The recent introduction of ChatGPT in mainstream media has re-ignited many old-age conversations about technology replacing jobs. The term “technological unemployment” was first coined as early as the 1930s. And in the middle of the 1800s, workers who moved commodities off ships when they arrived at ports were anxious about grain elevators, while tailors were concerned about the usage of sewing machines. Lamplighters went on strike in the early 1900s because they believed electricity would replace them as the most advanced technology and cost them their jobs. This is how old is the tale of man vs. technology.
AI-anxiety is a very real phenomenon. When looking back on history, the fears regarding AI are understandable but unfortunately completely unwarranted. In the longer run, technology has created more jobs than eliminating them. There will be few jobs that will be replaced and countless more will be generated requiring a new set of skills and aptitudes. The use of tech, AI and automation is inevitable. The key is to understand what exactly these technologies bring to the table and how it, directly and indirectly, affects our capabilities – in both negative and positive aspect.
Human identity is not replaceable: An AI tool can help you write social media posts but the marketing professional will still be required to scrutinise the posts for nuances to ensure their maximum impact and avoid any unintended messaging. Similarly, ChatGPT can certainly create job descriptions, respond to employee queries, and analyse data but still an HR professional will be required to ensure there are right people for the right job along with maintaining employee relations at work.
Invest in creating communities: Most of us were exposed to technology during the Covid pandemic whether it was collaborating on team calls or working on shared sheets. Though many organisations reported a rise in productivity during the period, the operations were more transactional and less interpersonal. Social exclusion was on the rise during the said period. So in a digital world, when people feel a sense of belonging, camaraderie and teamwork, they are more likely to stay ahead of their fears. Leaders and organisations need to actively create a culture to stimulate social interactions.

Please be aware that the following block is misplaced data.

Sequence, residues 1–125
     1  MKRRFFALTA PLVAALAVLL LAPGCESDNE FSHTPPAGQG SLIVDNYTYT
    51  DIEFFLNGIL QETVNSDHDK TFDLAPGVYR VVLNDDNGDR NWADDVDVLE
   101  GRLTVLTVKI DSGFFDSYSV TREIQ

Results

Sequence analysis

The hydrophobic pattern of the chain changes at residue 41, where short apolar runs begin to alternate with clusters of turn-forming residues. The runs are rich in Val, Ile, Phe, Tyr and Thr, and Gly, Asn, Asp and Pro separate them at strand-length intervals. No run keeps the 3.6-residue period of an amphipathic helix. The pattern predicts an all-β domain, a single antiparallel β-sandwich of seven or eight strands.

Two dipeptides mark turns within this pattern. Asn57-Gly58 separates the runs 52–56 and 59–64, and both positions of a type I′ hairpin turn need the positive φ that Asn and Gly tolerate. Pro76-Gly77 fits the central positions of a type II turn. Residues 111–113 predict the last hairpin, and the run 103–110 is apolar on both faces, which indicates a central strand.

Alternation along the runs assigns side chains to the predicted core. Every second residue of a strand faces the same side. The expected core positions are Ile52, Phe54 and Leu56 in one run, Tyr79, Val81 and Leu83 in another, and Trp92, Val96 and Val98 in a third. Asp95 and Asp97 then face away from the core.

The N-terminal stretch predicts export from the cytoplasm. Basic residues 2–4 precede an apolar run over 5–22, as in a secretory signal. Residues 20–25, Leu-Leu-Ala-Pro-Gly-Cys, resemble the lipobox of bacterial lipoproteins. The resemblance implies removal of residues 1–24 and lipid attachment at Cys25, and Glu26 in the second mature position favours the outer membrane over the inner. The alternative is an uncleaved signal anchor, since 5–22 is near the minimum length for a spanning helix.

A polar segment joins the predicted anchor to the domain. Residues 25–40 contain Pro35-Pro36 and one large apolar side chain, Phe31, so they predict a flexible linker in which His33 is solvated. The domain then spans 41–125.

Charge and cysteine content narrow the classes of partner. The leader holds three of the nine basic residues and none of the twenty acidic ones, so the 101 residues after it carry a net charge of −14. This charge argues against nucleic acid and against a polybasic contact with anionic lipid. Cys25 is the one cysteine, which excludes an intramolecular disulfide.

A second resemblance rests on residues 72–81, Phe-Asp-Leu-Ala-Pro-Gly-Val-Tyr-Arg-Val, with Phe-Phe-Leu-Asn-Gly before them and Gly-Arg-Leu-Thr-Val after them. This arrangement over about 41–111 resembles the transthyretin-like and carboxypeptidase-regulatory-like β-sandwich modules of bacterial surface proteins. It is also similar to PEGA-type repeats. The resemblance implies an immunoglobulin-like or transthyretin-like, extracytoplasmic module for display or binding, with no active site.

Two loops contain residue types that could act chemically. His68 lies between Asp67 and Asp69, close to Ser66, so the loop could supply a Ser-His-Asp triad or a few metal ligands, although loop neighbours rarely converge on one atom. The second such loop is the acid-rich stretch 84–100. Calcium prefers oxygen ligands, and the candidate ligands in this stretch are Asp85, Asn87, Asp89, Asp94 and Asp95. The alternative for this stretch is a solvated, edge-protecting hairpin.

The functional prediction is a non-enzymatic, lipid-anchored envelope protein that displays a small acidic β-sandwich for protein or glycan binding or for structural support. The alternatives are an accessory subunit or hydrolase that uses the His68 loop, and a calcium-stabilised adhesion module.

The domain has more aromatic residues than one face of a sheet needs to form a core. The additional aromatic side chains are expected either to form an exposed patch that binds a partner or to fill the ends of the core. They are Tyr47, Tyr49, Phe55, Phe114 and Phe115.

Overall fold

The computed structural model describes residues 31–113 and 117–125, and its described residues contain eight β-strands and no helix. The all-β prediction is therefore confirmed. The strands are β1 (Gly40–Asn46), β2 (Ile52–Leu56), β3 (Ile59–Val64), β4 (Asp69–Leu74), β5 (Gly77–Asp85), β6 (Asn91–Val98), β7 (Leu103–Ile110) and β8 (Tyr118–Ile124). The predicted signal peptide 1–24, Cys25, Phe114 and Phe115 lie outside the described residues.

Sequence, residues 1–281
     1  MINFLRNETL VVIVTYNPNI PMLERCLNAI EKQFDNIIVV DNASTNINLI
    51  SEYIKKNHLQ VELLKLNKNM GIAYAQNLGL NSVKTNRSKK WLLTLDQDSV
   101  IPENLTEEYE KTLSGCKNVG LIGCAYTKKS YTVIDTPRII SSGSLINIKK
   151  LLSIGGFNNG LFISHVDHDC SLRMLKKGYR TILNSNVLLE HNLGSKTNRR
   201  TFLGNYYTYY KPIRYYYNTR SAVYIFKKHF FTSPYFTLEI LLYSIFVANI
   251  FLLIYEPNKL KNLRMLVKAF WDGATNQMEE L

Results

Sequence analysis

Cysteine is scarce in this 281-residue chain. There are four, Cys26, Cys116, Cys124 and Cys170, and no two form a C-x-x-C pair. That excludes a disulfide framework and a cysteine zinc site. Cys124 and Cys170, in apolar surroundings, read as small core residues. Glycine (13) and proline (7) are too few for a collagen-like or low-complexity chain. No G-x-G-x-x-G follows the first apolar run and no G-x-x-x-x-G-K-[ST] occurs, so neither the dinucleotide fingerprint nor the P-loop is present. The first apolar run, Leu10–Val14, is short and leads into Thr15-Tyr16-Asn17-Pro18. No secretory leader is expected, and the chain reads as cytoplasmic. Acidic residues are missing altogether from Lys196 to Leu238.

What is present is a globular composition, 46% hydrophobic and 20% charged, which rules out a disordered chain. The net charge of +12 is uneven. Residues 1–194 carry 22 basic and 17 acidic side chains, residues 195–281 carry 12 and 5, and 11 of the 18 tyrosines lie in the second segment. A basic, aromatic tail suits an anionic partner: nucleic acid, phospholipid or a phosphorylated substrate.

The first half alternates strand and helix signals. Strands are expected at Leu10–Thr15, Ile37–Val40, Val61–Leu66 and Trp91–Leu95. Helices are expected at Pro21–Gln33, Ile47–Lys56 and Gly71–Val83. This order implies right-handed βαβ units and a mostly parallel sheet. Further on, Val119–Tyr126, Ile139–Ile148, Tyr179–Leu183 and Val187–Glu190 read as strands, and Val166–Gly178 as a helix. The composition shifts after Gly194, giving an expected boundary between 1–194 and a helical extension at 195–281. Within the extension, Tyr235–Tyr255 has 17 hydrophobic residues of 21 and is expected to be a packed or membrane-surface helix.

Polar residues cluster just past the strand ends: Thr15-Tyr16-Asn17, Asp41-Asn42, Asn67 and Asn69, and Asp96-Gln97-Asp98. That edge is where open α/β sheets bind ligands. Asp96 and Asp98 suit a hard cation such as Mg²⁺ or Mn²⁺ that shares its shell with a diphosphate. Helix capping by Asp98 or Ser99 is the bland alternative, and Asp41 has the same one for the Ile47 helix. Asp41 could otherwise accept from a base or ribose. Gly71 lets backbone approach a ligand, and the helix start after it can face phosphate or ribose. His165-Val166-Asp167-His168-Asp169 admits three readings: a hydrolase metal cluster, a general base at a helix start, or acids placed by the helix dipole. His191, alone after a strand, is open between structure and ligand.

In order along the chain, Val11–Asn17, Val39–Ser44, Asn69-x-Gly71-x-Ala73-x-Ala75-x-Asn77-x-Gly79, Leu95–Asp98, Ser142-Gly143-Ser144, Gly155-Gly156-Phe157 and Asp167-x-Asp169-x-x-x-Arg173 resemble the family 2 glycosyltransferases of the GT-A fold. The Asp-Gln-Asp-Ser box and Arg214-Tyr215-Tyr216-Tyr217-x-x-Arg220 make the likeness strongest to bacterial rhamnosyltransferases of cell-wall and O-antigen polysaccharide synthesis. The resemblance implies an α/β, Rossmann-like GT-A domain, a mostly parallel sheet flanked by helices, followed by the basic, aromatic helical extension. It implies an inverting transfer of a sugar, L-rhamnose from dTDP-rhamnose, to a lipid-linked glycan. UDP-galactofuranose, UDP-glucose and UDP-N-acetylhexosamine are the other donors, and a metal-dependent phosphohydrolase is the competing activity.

Upskilling and Reskilling should be a mandate: One tried and tested way to lead through any type of uncertainty is to prepare in advance and in this case, acquire new tech skills. As a professional, you need to pivot to new roles quickly. From employers perspective, investment in corporate L&D needs to shoot up as they have consistently shown their positive impact on productivity, profitability and even customer retention.
Future of Jobs in India – 2022, an EY report identifies disruptions by exponential technologies as one of the main reasons driving the changes in jobs from how we know them now. The rate of advanced technologies being adopted is so fluent that it is not only creating new markets but weakening/transforming existing market categories and industries through major business innovations. The report also states that 9% of employees would be placed in new positions that don’t exist yet. 37% would be put to work in positions that require drastically different skill sets. 54% will remain in the same occupational category.
There is a still window of 2-3 years before large-scale changes would be visible in the overall job market. For successful personal and business pursuits, embracing tech as it comes is the way to survival. It is imperative to focus on the new opportunities that might crop up on the back of AI and related tech progression. Therefore, even though automation and AI may make human labour unnecessary for any kind of job, humans will still be required to make decisions. And because everything we create and does inspires new aspirations and opens our eyes to new possibilities, this “job” will never be out of the picture.
Note: This article, written by Mr. Sidharth Agarwal, was originally published in Times of India.